Dental Care

Root Canal Procedures

Maybe you already have a basic knowledge of root canal procedures and you've read about the process of tooth decay.

Here we will provide you with more in depth knowledge about what to expect if you're scheduled to sit in the chair.

Who's the Doctor?

Root canals can be performed by most dentists.  However, your dentist might choose to refer you to specialist. 

This isn't because your dentist has a DDS credential after his name rather than a DMD.  The two degrees are largely similar; there is almost no difference between the training for these two types of dentists.

However, your dentist might refer you to an endodontist.  This word comes from root words meaning "inside tooth," and the endodontist specializes in performing root canals as well as repairing tooth trauma. 

Whether you go to a dentist or an endodontist, we'll just use the word "dentist" in the remainder of this article.

Root Canal Procedures  and Antibiotic Therapy

Expect your dentist to prescribe three to seven days' worth of antibiotics prior to your root canal procedures.  If your tooth was infected and pus accumulated around its roots, your gum tissues might be highly acidic and impervious to numbing agents like Novocain. 

It's also possible that he will tell you to take a pain reliever that contains ibuprofen.  Follow his instructions even if you don't feel much pain, because ibuprofen contains non-steroidal anti-inflammatory medication that will reduce the swelling -a key point for obtaining success with your procedure!

The Rubber Dam

The next part of your root canal procedures actually begins in the dentist's chair with the application of a rubber dam to your mouth.

You might envision this to be a rubber block to bite down on so that you can bear the pain, but it's nothing of the sort!  It is a thin square of rubber material that the dentist stretches or applies over your mouth. 

It allows him to isolate your tooth, and through the use of strategically applied clamps only the tooth that needs treatment will be accessible. 

This protects it from contamination by germs or even by your own saliva during the procedure. 

It also prevents you from accidentally swallowing anything that the dentist is using during the procedure.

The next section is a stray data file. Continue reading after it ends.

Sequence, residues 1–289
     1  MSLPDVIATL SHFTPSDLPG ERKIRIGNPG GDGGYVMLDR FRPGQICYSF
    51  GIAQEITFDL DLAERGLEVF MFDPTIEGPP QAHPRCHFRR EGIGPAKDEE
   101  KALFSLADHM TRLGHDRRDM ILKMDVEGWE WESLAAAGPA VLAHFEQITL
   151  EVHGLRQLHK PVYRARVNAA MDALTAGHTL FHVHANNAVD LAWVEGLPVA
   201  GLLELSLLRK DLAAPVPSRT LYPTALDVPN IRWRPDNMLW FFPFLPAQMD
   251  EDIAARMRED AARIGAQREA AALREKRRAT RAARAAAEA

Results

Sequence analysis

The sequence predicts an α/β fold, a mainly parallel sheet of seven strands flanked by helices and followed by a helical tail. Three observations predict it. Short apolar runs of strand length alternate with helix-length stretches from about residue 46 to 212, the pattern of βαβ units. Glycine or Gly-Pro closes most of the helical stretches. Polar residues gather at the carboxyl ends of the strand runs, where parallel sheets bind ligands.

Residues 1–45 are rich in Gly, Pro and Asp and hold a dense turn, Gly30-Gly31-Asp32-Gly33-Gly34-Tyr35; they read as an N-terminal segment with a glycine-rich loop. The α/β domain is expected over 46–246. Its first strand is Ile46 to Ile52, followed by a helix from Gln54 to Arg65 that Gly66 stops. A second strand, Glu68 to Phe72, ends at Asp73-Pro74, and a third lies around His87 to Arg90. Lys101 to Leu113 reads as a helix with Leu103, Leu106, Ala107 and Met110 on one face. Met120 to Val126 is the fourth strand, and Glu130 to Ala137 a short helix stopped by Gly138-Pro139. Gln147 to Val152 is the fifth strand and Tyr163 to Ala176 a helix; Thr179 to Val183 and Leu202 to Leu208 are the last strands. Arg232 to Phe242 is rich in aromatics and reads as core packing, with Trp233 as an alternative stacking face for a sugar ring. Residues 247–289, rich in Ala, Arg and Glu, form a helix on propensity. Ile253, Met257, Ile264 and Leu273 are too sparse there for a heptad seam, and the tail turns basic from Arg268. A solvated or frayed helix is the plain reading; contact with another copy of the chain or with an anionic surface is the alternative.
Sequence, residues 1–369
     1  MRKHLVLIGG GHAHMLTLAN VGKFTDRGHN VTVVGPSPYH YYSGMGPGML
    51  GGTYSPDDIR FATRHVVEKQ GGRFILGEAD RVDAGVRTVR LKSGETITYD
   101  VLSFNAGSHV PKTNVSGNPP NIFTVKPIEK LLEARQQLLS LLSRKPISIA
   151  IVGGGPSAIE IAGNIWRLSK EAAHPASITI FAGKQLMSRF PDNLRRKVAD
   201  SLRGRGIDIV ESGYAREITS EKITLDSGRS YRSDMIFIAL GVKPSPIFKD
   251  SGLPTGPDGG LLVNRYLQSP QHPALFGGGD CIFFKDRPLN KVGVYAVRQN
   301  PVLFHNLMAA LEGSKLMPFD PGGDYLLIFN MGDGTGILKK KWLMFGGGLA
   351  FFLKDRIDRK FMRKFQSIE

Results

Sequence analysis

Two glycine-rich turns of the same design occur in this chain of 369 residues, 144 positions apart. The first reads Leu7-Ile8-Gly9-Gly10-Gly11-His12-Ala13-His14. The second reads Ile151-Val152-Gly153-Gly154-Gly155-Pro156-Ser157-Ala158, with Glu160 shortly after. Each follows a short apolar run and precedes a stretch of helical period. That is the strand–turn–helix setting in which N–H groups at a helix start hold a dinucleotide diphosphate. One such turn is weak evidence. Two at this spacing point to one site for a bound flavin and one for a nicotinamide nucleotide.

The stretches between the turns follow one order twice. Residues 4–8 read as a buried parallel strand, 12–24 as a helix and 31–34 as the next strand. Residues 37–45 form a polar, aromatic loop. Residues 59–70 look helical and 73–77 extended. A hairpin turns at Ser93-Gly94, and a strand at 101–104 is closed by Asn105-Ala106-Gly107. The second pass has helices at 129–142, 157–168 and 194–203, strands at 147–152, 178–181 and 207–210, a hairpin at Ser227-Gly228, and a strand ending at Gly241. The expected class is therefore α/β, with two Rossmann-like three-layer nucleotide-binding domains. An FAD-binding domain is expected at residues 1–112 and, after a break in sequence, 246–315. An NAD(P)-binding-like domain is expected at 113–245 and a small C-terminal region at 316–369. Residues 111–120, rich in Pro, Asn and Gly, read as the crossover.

Many patients feel unhappy about feeling restricted by the dam, but it's for your own protection.

Drilling the Tooth

Patients hate this part most of their root canal procedures.  But the fact is that today's dental drills -more correctly called dental handpieces- achieve intensely high speeds of approximately 400,000 rpm's, which drill into a tooth within seconds. 

Compare that to tools utilized centuries ago, which maxed out at 15 rpm's!

The dentist makes an access cavity into your tooth:  On back teeth, he gains entry through the top chewing surfaces of the tooth. 

If he's working on a front tooth, he approaches it through the tooth's back side. 

Root Canal Procedures  - Pulpectomy

Next, the dentist cleans out the infected nerve tissue within the tooth.  This is called a pulpectomy

The goal is to remove all affected tissues, which could include bacteria and toxins as well as any debris which has accumulated there. 

He removes these tissues from the chamber of the tooth above the gum line through the ends of the tooth roots, below the gums.

Next he makes the interior of the tooth wider and evenly shaped.  Finally, he will fill it with a type of dental cement.

During this part of your root canal, the dentist utilizes a series of dental files.  They resemble seamstress pins, but their surfaces are rough so that they can do their job.  He will apply them up and down in your tooth, using a twisting motion, to clean out all debris.  As he works each new dental file used will have a slightly wider diameter.

Throughout all of this, your dentist irrigates your tooth carefully.  You will not be aware of the irrigation, since your mouth will not be flooded with fluid; this is a minute process that bathes the interior of your tooth with a disinfecting agent like sodium hypochlorite. 

The part of the root canal procedures that you might really dread is when the dentist seemingly stops work for a minute to take an x-ray.  

He has to be careful to clean the entire length of your tooth root but not beyond. For this purpose he may leave a dental file placed within your tooth so that the x-ray shows him the depth he has reached. 

Reputation Versus Reality

But this dread is strictly based on most patients' psychological fear of the entire root canal process.  People talk about root canal procedures as if they were they most painful process known. 

Once the dentist begins the process, the restriction from the rubber dam, the high-pitched sound of the drill, and the knowledge of tiny instruments placed in your mouth work together to produce the uneasy feeling you have. 

The truth is that the pain of your infected tooth is worse than anything you will experience during a root canal. 

Some Final Root Canal Procedures

Once this part is over, your dentist will use miniscule paper cones-called "points" to literally dry out the interior of your tooth, and then he'll fill it back up. 

The worst is over.  And you'll be able to tell your family, "It was nothing!"


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